Although the economy shows an initial robust recovery, some economists predict that the level of unemployment may remain stubbornly high for an extended period of time. Specifically, the “reallocation shock” may cause about 32% to 42% of pandemic-induced layoffs to be permanent, and the impact may vary across different industries.22 However, these economists predict most of the job reallocation will take place within, rather than across, industries. For instance, although the restaurant industry was hurt badly, within the industry, there is a shift from dine-in to take-out and delivery-focused establishments. In some cases, the take-out and delivery-focused restaurants have even experienced increased demand, needing to recruit more workers, which is consistent with the experiences of the food-delivery services in the sharing economy. In addition, online grocery shopping and delivery services also witnessed higher requests for their services. Walmart is testing new technology to autonomously fulfill orders and expects to hire more workers to join its e-commerce fulfillment centers, whereas Amazon is experimenting with robot-powered distribution centers. On the other hand, traditional brick-and-mortar establishments unwilling or unable to make the change to e-commerce or automation will be replaced sooner and need to reduce headcount.
For manufacturers, the increased utilization of automation, robots, and other new technologies means companies can realign their supply chains and create new opportunities. Specifically, companies may rely less on low-cost, overseas manufacturers and instead may locate their production facilities closer to their consumers and markets in the United States. It remains to be seen how this trend will evolve and whether the cost savings from automation will be sufficient to offset the higher regulatory and administrative expenses, as well as the costs associated with sourcing raw materials from the United States.
In recent decades, the federal government has been offering incentives for domestic production activities. The recent tax reform, the Tax Cuts and Jobs Act (TCJA) of 2017,23 replaced the domestic production activities deduction with the broader qualified business income (QBI) deduction. As a result, owners of pass-through entities are eligible for a 20% deduction on qualified business income after 2018, which includes income from production and manufacturing activities. However, the QBI deduction is not without opposition. Some view it as overly generous, while others think the calculation is too complicated. Still others believe the provision disproportionally favors certain industries.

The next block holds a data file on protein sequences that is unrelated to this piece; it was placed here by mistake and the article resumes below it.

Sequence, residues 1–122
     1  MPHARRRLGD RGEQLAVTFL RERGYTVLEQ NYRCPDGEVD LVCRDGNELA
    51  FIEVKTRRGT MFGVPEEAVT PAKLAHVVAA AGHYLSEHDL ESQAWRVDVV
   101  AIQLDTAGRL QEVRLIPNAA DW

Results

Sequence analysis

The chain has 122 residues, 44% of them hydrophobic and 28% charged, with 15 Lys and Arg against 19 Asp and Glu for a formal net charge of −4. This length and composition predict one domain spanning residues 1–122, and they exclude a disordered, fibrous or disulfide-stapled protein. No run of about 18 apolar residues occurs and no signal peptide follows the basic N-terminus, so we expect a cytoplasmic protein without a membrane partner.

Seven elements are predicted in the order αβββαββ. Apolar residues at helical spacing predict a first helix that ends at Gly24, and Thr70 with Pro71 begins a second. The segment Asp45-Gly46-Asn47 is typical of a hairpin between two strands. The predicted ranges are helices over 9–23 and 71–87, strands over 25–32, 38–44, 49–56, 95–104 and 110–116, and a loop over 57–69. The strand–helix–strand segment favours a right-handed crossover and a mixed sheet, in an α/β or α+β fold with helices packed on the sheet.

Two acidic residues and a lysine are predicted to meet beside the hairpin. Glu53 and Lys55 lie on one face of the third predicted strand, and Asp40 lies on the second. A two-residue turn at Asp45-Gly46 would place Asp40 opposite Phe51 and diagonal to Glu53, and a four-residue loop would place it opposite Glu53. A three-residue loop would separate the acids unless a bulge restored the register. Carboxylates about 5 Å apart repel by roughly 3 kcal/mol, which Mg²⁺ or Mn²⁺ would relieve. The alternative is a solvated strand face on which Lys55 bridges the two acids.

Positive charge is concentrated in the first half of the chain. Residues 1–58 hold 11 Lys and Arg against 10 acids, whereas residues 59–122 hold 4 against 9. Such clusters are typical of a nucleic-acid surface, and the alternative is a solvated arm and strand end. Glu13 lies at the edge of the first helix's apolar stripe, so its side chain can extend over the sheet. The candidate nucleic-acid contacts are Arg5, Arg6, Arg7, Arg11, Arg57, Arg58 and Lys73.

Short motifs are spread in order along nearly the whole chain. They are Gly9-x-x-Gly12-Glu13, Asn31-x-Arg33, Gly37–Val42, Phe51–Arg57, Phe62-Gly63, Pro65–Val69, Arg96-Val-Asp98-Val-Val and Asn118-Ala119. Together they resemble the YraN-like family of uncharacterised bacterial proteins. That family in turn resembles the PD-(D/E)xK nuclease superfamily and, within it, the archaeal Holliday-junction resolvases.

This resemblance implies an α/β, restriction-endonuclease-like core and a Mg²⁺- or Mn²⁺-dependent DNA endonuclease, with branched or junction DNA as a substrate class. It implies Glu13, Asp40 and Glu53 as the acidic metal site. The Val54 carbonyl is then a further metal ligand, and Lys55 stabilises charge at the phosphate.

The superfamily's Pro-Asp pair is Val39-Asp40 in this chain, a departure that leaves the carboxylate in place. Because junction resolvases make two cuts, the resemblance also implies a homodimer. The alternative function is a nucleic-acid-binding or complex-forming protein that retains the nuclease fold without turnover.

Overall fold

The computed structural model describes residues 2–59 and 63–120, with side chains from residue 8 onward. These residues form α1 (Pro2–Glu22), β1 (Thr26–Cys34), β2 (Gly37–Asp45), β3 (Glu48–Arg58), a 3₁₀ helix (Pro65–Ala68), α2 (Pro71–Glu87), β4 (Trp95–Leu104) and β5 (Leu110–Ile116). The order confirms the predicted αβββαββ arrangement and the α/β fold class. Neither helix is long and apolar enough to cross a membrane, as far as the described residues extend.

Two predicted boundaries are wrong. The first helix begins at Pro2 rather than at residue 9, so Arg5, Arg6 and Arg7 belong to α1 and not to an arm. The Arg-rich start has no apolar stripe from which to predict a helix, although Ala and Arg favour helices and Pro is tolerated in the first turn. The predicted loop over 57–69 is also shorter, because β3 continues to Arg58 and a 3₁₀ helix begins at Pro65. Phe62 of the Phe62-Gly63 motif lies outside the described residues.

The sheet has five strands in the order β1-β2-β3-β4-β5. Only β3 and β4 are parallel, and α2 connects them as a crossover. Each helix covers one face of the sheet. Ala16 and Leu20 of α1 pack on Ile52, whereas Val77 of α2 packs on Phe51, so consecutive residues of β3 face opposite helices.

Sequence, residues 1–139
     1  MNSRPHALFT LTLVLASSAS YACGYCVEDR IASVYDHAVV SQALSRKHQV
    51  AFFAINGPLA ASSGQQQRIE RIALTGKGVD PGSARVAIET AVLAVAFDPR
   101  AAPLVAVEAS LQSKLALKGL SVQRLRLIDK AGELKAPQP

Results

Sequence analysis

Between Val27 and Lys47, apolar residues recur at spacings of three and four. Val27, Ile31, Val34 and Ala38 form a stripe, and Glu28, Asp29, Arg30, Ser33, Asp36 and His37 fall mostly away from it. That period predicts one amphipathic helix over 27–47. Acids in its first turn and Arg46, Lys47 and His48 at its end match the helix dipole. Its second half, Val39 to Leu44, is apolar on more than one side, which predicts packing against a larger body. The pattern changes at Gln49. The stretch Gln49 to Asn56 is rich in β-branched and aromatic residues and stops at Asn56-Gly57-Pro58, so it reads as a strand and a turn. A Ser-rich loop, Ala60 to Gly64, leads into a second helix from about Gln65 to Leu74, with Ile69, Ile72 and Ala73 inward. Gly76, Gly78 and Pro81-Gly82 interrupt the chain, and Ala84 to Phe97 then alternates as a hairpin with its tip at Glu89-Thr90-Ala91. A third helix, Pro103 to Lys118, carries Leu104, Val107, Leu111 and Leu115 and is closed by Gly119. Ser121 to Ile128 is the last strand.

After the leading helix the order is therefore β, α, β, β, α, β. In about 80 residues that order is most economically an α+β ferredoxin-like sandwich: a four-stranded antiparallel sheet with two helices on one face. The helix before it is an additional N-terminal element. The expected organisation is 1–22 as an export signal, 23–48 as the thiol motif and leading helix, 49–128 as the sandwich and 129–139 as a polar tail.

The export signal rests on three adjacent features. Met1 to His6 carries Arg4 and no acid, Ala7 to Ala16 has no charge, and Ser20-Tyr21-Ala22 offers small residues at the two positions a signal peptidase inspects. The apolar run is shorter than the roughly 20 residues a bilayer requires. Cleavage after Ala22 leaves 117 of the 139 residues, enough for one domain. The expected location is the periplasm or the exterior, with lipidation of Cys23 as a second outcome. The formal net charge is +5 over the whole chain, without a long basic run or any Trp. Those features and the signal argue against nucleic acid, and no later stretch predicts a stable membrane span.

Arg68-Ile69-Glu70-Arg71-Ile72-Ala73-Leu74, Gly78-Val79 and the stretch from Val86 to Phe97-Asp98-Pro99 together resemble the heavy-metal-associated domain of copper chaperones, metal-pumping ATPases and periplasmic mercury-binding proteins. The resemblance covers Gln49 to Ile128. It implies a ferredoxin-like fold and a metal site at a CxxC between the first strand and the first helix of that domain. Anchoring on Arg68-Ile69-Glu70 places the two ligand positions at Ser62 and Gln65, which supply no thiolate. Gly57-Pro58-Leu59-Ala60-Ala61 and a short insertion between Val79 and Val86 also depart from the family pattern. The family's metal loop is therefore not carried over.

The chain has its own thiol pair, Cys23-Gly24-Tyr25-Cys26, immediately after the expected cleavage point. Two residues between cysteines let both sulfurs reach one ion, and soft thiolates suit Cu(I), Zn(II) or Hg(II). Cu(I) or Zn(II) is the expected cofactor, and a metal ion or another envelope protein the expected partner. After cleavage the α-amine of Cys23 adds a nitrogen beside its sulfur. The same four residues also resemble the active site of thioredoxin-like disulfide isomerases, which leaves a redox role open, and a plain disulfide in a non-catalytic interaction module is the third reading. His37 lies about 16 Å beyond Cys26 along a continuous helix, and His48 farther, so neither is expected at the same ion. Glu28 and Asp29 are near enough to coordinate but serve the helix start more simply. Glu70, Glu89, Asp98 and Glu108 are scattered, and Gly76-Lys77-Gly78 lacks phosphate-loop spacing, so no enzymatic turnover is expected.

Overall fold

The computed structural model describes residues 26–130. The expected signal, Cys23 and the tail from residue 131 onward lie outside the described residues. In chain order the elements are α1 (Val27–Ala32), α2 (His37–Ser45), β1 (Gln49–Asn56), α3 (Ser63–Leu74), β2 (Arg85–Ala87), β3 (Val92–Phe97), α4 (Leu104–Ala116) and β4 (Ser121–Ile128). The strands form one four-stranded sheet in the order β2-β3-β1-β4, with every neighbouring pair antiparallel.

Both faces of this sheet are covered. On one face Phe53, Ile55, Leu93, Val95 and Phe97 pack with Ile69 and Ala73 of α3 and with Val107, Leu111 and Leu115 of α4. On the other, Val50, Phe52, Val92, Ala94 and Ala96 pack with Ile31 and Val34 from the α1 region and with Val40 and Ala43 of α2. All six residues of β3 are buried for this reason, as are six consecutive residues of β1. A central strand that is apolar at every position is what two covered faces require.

In addition, intellectual property (IP) has become one of the most important assets for many U.S. companies, including manufacturers, distributors, and service providers. The TCJA includes several provisions that reduced the incentives for U.S.-based multinationals to place their IP overseas, such as cutting the statutory federal corporate income tax (CIT) rate from 35% to 21% to narrow the tax rate arbitrage, discouraging multinationals from making deductible payments to foreign-related parties to erode the U.S. tax base, and taxing income from exporting products imbedded with domestically-owned IP at a lower rate. However, preliminary evidence shows limited on-shoring of IP as a result of these provisions. 24
The limited responses are partly driven by companies’ view that these provisions could be short-lived. For instance, Democratic congressional members have advocated for increasing CIT rates to fund the elimination of the state and local tax deduction cap, and many Democratic presidential candidates proposed similar tax increases on corporations to fund various policy priorities.25 Recently, Democratic presidential candidate Joe Biden proposed to increase the CIT to 28%.26 In addition, he plans to impose an additional 10% tax penalty on companies migrating manufacturing and service jobs offshore and a 10% tax credit for domestic production. Some observers praise these measures as they will ensure that companies pay more taxes in the United States. However, others do not believe these provisions will provide enough incentives for multinational companies, especially on top of the CIT increase that will increase their tax burdens.
Finally, state and local governments often provide tax credits and incentives on business property, sales and use, or income taxes to attract companies to establish offices or factories in their jurisdictions. In theory, these arrangements not only generate new job opportunities, but they also indirectly strengthen the local economy. The food, housing, and other services needed to support these workers will further create more employment and business opportunities. Workers in these establishments may collectively pay more sales, personal income, and personal property taxes to the state and local governments than the subsidies provided to the businesses. In some cases, jurisdictions may even compete with each other to get businesses they deem lucrative, such as Amazon and Tesla.27